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Tuesday, October 18, 2016

Surprisingly Ancient Mammals

I just LOVE doing these animal posts! Heck I love animals. They're a lot of fun. Well, most of them are. Cats are absolutely no fun at all. But all other animals are a lot of fun to watch and have around. Anyways, in this post I am going to look at some mammals that are surprisingly old as a species or family. Some of these mammals even date back to the age of the dinosaurs, which is really rare in modern mammal families. Most mammal families that were around during the dinosaur age went extinct with the dinosaurs. But these mammals managed to survive the so-called "KT event", and have even survived to today, right under our feet.

Well, monotremes themselves are pretty ancient, dating back to the early Cretaceous period, about 80 million years ago. They managed to survive mostly by being burrowers. These are the only mammals in the world today that lay eggs, directly linking them to the ancient reptiles that are the ancestors of all living mammals.

Though people today mostly do not like opossums, they are a very ancient family of mammals. They are thought of as being lazy, stupid, disgusting animals. But looking at them at a bio-geographical level, they must be doing something right! Because they are a family that is more than 70 million years old, dating them back to the mid-Cretaceous period. In short, this animal is older than such dinosaurs as Triceratops and Tyrannosaurus Rex. They still display a number of primitive behaviors. People today regard them as stupid. But they are amazing survivors!

Tenrecs are actually the oldest placental mammal in the world. There are several varieties all in the family Tenrecidae, and are dispersed throughout Madagascar and part of central Africa. This little-known family dates back to the mid-late years of the Cretaceous period, alongside the Opossum family. They are approximately 70 million years old. Many species are diggers, and roost in burrows, which played a part in keeping the family alive.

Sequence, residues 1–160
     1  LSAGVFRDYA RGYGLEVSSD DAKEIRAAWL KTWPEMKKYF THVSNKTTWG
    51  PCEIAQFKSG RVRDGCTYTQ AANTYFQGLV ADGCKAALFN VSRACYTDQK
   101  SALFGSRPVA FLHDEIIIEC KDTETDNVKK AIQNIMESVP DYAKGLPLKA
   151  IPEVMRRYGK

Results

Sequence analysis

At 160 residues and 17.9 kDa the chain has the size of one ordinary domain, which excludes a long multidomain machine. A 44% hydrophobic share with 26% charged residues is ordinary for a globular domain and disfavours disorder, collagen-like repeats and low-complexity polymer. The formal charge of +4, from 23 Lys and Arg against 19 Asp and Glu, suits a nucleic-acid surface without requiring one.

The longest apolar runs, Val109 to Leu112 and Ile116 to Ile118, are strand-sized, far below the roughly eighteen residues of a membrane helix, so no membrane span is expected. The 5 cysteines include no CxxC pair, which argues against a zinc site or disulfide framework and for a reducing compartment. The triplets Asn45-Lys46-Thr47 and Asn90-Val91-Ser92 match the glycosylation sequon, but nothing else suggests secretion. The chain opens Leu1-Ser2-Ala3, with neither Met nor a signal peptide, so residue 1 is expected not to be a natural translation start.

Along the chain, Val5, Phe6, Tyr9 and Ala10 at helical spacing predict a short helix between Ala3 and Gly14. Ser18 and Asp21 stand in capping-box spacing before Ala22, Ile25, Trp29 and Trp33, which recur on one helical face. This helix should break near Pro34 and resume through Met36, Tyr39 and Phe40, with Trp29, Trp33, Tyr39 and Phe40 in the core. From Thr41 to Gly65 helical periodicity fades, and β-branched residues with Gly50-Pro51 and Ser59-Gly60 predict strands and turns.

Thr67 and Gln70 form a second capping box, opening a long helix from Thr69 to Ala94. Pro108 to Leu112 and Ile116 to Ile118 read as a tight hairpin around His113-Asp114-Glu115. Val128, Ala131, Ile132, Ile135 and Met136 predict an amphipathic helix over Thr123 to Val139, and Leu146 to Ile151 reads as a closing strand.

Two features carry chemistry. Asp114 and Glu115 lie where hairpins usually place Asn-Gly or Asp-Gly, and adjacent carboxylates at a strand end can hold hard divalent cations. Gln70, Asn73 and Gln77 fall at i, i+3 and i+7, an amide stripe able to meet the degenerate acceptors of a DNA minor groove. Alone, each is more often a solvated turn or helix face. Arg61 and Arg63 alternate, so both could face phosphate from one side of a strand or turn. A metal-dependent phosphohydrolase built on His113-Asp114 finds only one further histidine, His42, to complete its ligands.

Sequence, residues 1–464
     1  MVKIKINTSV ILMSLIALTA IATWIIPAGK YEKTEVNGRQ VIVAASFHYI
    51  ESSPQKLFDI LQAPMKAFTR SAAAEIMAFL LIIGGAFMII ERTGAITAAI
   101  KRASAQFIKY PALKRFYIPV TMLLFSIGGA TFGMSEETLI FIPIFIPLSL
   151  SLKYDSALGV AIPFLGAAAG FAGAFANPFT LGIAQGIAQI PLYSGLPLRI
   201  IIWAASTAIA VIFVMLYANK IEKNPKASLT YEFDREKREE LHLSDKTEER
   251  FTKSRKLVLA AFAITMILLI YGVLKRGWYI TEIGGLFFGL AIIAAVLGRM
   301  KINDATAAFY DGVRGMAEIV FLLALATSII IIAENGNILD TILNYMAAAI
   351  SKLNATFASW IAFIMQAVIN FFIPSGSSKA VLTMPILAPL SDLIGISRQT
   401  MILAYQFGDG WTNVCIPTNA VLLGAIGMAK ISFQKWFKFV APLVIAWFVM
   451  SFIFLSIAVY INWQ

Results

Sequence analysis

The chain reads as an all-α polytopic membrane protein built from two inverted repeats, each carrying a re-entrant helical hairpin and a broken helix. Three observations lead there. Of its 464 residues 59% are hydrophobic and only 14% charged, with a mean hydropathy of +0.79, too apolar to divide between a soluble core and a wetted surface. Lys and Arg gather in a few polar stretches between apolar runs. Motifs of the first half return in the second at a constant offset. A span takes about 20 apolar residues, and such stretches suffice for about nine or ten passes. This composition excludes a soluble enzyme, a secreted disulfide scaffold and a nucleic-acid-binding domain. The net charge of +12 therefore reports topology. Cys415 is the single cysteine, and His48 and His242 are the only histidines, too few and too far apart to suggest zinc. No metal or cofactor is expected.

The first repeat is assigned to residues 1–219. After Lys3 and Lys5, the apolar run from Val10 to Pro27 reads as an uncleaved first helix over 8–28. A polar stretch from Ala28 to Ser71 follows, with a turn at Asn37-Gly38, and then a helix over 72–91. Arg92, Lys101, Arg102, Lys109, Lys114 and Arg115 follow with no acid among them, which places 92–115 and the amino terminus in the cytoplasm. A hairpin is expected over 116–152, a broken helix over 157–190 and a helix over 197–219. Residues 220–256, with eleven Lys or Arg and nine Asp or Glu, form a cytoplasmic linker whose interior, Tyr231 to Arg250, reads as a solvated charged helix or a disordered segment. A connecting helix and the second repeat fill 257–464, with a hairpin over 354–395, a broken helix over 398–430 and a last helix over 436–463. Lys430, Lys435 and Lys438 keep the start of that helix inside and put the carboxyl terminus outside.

Lemurs are small, secretive primates, and represent the oldest of the group. Lemurs date back to the original family, Adapidae, which goes back to the late Cretaceous period, about 67 million years ago. Today, Madagascar is known as being the traditional home of lemurs, but there are many varieties of prosimians, which are also found in Africa and Asia. But in their earlier days, they could also be found in Europe and North America. The only reason we have lemurs today is because of the isolation of Madagascar, and mainland lemurs are small and nocturnal.

Foxes are the oldest of the carnivores, dating back to about 65 million years, the late Cretaceous period. The oldest foxes are from Europe, but today, the oldest living fox species is Africa's Bat-eared fox. Bat-eared foxes even still have teeth that are more like those of modern insectivores than like those of true carnivores. The species it's self is very primitive. Today, we see how foxes have become such great survivors; because they are known for being clever animals.

The civets and mongooses are the oldest of the feliforme carnivores. That is to say, the carnivore superfamily that contains the civets and mongooses, hyenas, cats and panthers. The family of civets and mongooses (family: Viverridae) goes back to the early Cenozoic era, about 55 million years ago. Viverrids are a strictly old world family, and while the civets themselves are nocturnal, mongooses are mostly diurnal.

Horses are surprisingly great survivors! Though their diet is extremely specialized, they are very intelligent animals, which has enabled them to survive for so long. The first equine species appeared about 55 million years ago, which makes them older than any other hooved mammal around today. Their quick-wit, and superb running abilities are what has kept this family alive for so long.

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